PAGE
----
Section 106 agreements are described by the Planning Advisory Service as “a mechanism which makes a development proposal acceptable in planning terms that would not otherwise be acceptable”.

They are legal agreements through which the developer makes a contribution towards such matters as infrastructure and local services and facilities to offset the impact of development.  

Affordable housing is now a policy requirement on most residential developments in this country. For all planning applications that involve affordable housing, applicants are required to complete a Section 106 agreement, the general purpose being to ensure that the required affordable housing actually materialises as part of the development and is of a requisite high quality and that the homes go to local people most in need of affordable housing at rents or prices that are affordable and will remain so in the future.

A Commuted Sum may also be paid as an alternative to the provision of affordable housing on site and the council will usually consider this where this would assist the viability of a development and deliver more affordable homes than on site provision. The council could, for example, use the Commuted Sum to help to re-use empty houses elsewhere for affordable housing.

There are three types of Section 106 affordable housing although contributions vary between planning authorities and requirement levels increase or decrease with the unit number on any proposed development. Generally, the three types of Section 106 affordable housing are:

  1. Social Rent – this is usually based on a percentage of average earnings;
  2. Intermediate Housing – for example, a shared ownership lease, provided at a cost above social rent but below market levels; and
  3. Affordable Rent – rent equal to 80% of the open market rent (including, where applicable, service charges).

 An economic viability report/assessment is usually submitted by the developer to the planning authority during the planning process, based upon properly documented building costs, sales values etc., enabling the developer to approach the planning authority with a view to negotiating an appropriate affordable housing provision. Section 106 obligations in relation to affordable housing contributions can place a lot of financial stress upon a development scheme to the extent that a small developer with tight profit margins would be faced with a situation where the costs involved would prevent them from developing at all. Effectively the demands made by the local planning authority in respect of affordable housing may have jeopardised the viability of the underlying planning permission before it even gets off the ground.

In November 2014 the government planning policy changed on affordable housing requirements for small sites in England when it announced a number of Section 106 planning obligation changes in order to relieve or remove the pressure on small scale developers and self-build developments. Policy was changed so that – for residential property development sites of 10 units or less (and with a maximum combined gross floor space of 1000 square metres) affordable housing contributions should not be sought (except in designated rural areas where authorities may choose to implement a lower threshold of 5 units or less). In addition, a financial credit was announced, equivalent to the existing gross floor space of any vacant buildings brought back into lawful use or demolished for re-development, which should be deducted from the calculation of any affordable housing contributions sought from relevant development schemes.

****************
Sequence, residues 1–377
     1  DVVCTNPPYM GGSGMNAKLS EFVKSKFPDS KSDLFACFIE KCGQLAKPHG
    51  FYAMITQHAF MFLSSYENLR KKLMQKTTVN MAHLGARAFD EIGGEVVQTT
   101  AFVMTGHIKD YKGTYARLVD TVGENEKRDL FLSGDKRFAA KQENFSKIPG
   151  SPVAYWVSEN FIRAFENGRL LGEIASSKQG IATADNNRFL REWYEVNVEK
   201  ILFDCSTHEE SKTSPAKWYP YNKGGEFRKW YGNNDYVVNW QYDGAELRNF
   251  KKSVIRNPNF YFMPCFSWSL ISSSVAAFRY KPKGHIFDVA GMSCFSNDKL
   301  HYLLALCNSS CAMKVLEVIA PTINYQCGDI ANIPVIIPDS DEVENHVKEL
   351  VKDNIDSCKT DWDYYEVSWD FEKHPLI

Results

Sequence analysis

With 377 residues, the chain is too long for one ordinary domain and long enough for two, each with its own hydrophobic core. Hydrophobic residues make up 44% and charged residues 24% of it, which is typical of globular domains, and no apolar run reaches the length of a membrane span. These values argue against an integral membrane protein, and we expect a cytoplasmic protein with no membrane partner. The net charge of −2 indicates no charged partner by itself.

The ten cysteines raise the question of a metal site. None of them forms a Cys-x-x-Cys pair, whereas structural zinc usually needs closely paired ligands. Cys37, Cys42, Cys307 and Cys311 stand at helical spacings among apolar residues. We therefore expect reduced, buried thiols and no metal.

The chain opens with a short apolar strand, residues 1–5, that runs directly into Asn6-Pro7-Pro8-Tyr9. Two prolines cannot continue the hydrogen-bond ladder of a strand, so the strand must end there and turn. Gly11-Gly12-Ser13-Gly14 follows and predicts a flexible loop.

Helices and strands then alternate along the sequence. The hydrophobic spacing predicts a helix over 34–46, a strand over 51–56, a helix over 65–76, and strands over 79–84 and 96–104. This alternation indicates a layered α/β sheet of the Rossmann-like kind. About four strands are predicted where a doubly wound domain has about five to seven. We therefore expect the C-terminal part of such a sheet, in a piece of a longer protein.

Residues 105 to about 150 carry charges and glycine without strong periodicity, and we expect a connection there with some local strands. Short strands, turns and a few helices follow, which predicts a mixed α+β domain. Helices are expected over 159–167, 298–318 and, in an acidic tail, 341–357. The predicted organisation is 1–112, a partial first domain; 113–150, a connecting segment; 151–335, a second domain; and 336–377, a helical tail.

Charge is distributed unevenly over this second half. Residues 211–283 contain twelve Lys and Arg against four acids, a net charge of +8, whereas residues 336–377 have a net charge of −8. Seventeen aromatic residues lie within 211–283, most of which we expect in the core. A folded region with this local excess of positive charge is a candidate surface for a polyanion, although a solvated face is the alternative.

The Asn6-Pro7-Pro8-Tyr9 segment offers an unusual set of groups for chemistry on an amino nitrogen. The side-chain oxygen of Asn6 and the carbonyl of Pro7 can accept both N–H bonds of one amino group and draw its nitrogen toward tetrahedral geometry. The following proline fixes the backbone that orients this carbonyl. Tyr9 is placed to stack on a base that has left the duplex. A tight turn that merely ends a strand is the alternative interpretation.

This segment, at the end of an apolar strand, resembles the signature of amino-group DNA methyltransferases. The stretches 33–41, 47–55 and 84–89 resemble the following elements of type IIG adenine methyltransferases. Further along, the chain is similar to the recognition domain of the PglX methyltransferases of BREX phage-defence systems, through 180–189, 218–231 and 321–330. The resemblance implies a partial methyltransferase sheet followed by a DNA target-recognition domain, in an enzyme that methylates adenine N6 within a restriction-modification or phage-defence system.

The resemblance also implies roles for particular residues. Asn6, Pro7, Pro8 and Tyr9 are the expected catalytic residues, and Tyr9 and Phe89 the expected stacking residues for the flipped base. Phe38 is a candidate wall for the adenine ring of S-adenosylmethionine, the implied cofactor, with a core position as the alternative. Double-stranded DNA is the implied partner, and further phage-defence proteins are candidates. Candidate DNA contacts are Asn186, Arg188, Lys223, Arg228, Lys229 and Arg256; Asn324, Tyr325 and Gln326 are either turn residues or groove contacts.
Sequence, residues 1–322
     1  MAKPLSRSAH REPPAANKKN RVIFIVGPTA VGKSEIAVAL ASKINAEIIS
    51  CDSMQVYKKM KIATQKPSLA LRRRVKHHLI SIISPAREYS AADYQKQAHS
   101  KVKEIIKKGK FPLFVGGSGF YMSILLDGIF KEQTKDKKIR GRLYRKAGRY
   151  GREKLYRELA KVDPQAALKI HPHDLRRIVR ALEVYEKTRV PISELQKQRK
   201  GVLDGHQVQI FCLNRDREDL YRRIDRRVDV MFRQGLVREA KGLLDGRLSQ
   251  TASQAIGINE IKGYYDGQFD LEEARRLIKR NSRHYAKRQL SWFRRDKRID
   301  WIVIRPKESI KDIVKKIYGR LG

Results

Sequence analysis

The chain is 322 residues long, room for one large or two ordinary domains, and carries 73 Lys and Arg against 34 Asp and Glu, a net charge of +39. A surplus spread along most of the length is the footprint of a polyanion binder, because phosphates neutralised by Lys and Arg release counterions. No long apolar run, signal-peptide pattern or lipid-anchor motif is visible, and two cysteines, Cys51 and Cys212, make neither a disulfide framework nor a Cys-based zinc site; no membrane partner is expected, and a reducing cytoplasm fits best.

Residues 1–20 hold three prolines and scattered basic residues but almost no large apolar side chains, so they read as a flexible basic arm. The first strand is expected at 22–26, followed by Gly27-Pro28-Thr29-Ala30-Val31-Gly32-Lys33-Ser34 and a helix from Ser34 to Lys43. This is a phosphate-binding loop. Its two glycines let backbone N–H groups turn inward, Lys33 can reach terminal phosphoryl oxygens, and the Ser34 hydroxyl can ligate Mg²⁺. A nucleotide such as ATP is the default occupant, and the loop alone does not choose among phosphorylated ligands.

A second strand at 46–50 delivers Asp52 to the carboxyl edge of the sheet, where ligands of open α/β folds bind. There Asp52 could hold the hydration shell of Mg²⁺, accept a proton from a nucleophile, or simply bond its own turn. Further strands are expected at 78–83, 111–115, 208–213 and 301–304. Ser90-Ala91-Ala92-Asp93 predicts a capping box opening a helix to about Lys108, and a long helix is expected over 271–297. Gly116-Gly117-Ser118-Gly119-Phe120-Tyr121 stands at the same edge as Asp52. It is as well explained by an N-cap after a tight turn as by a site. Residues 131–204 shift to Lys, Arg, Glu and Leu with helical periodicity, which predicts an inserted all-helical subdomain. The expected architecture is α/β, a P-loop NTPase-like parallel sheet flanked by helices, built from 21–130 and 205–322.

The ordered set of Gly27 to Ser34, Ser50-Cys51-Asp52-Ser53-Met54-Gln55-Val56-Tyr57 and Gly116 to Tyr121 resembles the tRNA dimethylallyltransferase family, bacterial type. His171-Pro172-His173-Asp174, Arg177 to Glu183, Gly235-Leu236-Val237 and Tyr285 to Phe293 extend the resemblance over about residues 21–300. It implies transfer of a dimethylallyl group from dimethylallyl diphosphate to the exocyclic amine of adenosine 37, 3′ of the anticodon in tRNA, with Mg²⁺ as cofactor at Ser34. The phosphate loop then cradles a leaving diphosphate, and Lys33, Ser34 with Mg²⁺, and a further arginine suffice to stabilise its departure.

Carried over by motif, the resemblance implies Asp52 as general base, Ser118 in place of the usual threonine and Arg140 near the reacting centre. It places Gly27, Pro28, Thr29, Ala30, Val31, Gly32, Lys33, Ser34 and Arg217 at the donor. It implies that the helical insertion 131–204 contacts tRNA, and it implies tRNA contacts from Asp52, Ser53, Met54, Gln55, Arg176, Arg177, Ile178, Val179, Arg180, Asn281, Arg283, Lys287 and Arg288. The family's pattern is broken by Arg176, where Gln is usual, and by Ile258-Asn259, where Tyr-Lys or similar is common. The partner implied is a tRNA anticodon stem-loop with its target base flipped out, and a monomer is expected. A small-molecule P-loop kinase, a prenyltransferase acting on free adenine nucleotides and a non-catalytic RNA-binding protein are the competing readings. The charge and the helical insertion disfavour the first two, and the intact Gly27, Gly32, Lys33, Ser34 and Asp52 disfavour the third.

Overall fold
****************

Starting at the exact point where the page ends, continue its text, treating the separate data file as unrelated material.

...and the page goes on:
These changes were challenged in the High Court in July 2015 by West Berkshire District Council and Reading Borough Council on four main points:

  1. Inconsistency with the statutory planning regime;
  2. Failure by the Secretary of State to take into account material considerations;
  3. The Secretary of State’s consultation upon the proposal being legally inadequate; and
  4. The Secretary of State’s failure to properly assess the impact of the proposal upon persons with protected characteristics (Equality Act 2010; s. 149)

The court found the changes to be unlawful. However, in May 2016 following further commercial property ligation and an appeal to the Court of Appeal by the Communities and Local Government was upheld. The policy change is therefore, for the time being, not unlawful although West Berkshire and Reading Councils are currently reviewing their position and considering their next course of action, if any.

This means that, for the time being at least, developers of sites with fewer than 10 houses will no longer have to make affordable housing contributions and thus they will not face costs that could prevent them from developing at all. There could clearly be other reasons why a development does not go ahead but this is certainly a step in the right direction for small developers where the removal of planning obligations should assist their cause.